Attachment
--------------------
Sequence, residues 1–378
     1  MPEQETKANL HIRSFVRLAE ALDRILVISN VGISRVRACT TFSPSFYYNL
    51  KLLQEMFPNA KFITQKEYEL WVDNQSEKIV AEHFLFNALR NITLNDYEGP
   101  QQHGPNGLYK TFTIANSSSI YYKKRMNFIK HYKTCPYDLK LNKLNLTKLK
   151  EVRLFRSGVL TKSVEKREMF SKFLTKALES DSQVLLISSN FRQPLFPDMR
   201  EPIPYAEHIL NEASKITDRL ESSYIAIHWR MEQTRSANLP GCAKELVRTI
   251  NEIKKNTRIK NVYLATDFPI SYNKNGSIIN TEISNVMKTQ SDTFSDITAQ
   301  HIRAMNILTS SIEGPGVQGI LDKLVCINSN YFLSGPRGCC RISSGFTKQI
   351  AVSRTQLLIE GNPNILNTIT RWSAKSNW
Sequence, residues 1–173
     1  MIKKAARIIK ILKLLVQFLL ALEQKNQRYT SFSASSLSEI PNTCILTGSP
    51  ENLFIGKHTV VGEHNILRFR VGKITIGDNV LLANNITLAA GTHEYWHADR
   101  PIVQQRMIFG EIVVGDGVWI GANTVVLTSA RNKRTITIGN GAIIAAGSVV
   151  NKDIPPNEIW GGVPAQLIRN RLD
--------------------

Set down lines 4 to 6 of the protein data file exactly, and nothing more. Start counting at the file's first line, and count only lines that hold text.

   101  QQHGPNGLYK TFTIANSSSI YYKKRMNFIK HYKTCPYDLK LNKLNLTKLK
   151  EVRLFRSGVL TKSVEKREMF SKFLTKALES DSQVLLISSN FRQPLFPDMR
   201  EPIPYAEHIL NEASKITDRL ESSYIAIHWR MEQTRSANLP GCAKELVRTI